Posted in Whathaveyou on October 22nd, 2012 by H.P. Taskmaster
You’d have to figure that in order to be Earth‘s longest tour since the band got together in 1990, it would have something like 137 dates scheduled. Nope, 25. Still a solid month on the road though, so kudos to the band for pushing themselves 22 years later to go farther and continue exploring new ground, sonic and geographic.
Aligned with the likes of Eagle Twin, Stebmo and The Body along the way, it’s kind of like a tour of Earth playing with acts influenced by Earth. Can’t imagine that’s anything new for them at this point.
They’re still out supporting Angels of Darkness, Demons of Light II(review here), and the shows start this week, so keep an eye out:
EARTH Prepare For American Fall Tour
Following bursts of worldwide touring in support of their two-part Angels of Darkness, Demons of Light album series, Seattle’s EARTH will embark on their newest tour this week, with a nearly month of live performances confirmed across America.
The most extensive American tour EARTH have planned since their 1990 inception, the Seattle purveyors of the slow-motion riff will traverse the country and back on a twenty-five date run, kicking off this Wednesday, October 24th in Portland, Oregon. Along the way the quartet will take part in the massive annual Fun Fun Fun Fest in Austin, Texas alongside literally dozens of international artists of all genres. This will be the first U.S. tour since they hit the road in support of Angels of Darkness, Demons of Light I in 2011, the band’s set for the tour confirmed to contain a majority of the material from Angels of Darkness, Demons of Light II.
While the band is touring in support of the Angels of Darkness, Demons of Light albums, the EARTH lineup for this voyage will be the touring lineup from the band’s lauded 2008 LP The Bees Made Honey in the Lion’s Skull, comprised of Steve Moore on keys and trombone, Don McGreevy on bass, Adrienne Davies on drums and founder Dylan Carlson on guitar. Support will be provided by Stebmo (featuring members of Earth and more) as well as Southern Lord labelmates Eagle Twin and Fontanelle throughout the journey.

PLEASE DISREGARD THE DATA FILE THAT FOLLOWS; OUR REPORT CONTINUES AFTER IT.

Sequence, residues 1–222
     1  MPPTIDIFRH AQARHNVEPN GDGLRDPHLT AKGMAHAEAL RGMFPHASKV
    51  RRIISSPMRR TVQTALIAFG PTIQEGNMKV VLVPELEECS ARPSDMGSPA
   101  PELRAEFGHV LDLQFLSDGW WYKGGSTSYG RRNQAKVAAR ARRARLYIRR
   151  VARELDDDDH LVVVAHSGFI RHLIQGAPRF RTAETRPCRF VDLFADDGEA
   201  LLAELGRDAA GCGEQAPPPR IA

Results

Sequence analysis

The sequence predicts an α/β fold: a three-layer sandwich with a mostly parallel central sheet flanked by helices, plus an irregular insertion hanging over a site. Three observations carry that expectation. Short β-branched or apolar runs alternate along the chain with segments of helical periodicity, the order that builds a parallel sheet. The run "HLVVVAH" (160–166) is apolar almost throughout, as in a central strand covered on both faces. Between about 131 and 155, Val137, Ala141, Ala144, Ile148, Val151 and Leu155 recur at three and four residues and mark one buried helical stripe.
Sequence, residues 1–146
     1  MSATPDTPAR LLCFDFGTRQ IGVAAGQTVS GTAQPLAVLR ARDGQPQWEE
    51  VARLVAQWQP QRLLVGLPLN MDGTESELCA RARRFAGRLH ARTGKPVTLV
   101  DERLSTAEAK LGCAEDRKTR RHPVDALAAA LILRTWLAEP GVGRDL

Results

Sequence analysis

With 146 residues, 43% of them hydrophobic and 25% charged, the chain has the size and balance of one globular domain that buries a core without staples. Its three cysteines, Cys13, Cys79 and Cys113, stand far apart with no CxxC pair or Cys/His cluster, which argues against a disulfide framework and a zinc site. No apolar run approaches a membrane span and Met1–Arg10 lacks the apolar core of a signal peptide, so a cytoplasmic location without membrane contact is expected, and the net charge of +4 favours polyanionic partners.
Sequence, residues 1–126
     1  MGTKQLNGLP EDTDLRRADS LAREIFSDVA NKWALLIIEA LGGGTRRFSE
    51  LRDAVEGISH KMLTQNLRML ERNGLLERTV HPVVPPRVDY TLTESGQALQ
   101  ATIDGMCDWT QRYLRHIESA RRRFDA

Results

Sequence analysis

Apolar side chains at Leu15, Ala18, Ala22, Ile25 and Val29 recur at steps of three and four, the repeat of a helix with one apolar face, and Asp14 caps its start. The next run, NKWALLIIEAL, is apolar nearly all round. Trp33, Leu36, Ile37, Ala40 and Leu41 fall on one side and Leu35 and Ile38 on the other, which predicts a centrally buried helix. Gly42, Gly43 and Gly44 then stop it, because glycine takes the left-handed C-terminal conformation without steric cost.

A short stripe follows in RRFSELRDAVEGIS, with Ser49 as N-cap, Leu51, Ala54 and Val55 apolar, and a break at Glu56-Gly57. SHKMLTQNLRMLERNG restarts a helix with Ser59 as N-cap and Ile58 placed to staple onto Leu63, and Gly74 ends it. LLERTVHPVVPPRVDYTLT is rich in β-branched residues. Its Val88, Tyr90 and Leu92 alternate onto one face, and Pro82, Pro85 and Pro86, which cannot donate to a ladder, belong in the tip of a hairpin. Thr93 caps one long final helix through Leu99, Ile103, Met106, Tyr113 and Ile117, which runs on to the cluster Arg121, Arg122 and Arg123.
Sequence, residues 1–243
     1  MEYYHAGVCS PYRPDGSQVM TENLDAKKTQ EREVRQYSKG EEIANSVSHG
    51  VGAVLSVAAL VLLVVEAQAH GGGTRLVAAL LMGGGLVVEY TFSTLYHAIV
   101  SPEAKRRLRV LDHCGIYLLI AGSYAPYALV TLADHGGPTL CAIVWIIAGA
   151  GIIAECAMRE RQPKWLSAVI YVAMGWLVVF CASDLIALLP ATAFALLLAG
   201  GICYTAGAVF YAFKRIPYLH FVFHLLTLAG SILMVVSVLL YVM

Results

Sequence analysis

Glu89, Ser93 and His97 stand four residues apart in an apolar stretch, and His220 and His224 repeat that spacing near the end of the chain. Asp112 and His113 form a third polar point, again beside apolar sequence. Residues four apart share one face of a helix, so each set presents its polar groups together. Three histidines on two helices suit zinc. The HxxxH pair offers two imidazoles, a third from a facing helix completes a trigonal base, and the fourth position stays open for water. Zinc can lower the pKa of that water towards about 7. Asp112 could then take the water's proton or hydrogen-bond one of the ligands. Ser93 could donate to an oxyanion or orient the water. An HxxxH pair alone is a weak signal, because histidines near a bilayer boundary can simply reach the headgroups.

EARTH Fall Tour: 10/24/2012 Rotture – Portland, OR w/ Fontanelle, Stebmo 10/26/2012 Center for the Arts, Eagle Rock – Los Angeles, CA w/ Fontanelle, Stebmo 10/28/2012 Great American Music Hall – San Francisco, CA w/ Fontanelle, Stebmo 10/29/2012 Soda Bar – San Diego, CA w/ Stebmo 10/31/2012 Rhythm Room – Phoenix, AZ w/ Balmorehea, Stebmo 11/02/2012 Auditorium Shores – Austin, TX @ Fun Fun Fun Festival 11/03/2012 Bryan Street Tavern – Dallas, TX w/ Stebmo 11/04/2012 One Eyed Jacks – New Orleans, LA w/ Stebmo 11/06/2012 Will’s Pub – Orlando, FL w/ Stebmo 11/07/2012 The Earl – Atlanta, GA w/ Daughn Gibson, Stebmo 11/08/2012 Grey Eagle – Asheville, NC w/ Stebmo 11/09/2012 Rock and Roll Hotel – Washington, DC w/ Eagle Twin, Stebmo 11/10/2012 Littlefield – Brooklyn, NY w/ Eagle Twin, Stebmo 11/11/2012 TT the Bears – Cambridge, MA w/ Eagle Twin, Stebmo 11/12/2012 Johnny Brenda’s – Philadelphia, PA w/ Eagle Twin, Stebmo 11/13/2012 Altar Bar – Pittsburgh, PA w/ Eagle Twin, Stebmo 11/14/2012 Grog Shop – Cleveland, OH w/ Eagle Twin, Stebmo 11/15/2012 Taft Ballroom – Cincinnati, OH w/ Eagle Twin, Stebmo 11/16/2012 Township – Chicago, IL w/ Eagle Twin, Stebmo 11/17/2012 Township – Chicago, IL w/ Eagle Twin, Stebmo 11/18/2012 Triple Rock Social Club – Minneapolis, MN w/ Eagle Twin, Stebmo 11/19/2012 The Record Bar – Kansas City, MO w/ Eagle Twin, Stebmo 11/21/2012 Marquis Theatre, Denver, CO w/ Stebmo 11/24/2012 The Shakedown – Bellhingham, WA w/ The Body, Low Hums 11/25/2012 The Crocodile – Seattle, WA w/ The Body, Stebmo
We’re more than halfway through 2012, and we’ve already seen great releases from the likes of Orange Goblin, Pallbearer, Conan, C.O.C., Saint Vitus and many others, but there’s still a long way to go. The forecast for the next five months? Busy.
In my eternal and inevitably doomed quest to keep up, I’ve compiled a list of 13 still-to-come releases not to miss before the year ends. Some of this information is confirmed — as confirmed as these things ever are, anyway — either by label or band announcements, and some of it is a little bit vaguer in terms of the actual dates, but all this stuff is slated to be out before 2013 hits. That was basically my only criteria for inclusion.
And of course before I start the list, you should know two things: The ordering is dubious, since it’s not like I can judge the quality of an album before I’ve heard it, just my anticipation, and that this is barely the beginning of everything that will be released before the end of 2012. The tip of the fastly-melting iceberg, as it were. If past is prologue, there’s a ton of shit I don’t even know about that (hopefully) you’ll clue me into in the comments.